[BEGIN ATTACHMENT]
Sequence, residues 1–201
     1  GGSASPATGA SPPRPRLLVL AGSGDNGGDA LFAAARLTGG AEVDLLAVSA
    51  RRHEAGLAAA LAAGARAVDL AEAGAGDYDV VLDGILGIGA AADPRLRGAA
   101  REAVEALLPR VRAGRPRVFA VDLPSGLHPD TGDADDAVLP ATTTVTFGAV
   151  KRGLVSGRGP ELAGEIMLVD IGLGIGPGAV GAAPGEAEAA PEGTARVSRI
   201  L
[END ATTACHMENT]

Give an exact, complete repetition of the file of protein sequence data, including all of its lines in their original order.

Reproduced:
Sequence, residues 1–201
     1  GGSASPATGA SPPRPRLLVL AGSGDNGGDA LFAAARLTGG AEVDLLAVSA
    51  RRHEAGLAAA LAAGARAVDL AEAGAGDYDV VLDGILGIGA AADPRLRGAA
   101  REAVEALLPR VRAGRPRVFA VDLPSGLHPD TGDADDAVLP ATTTVTFGAV
   151  KRGLVSGRGP ELAGEIMLVD IGLGIGPGAV GAAPGEAEAA PEGTARVSRI
   201  L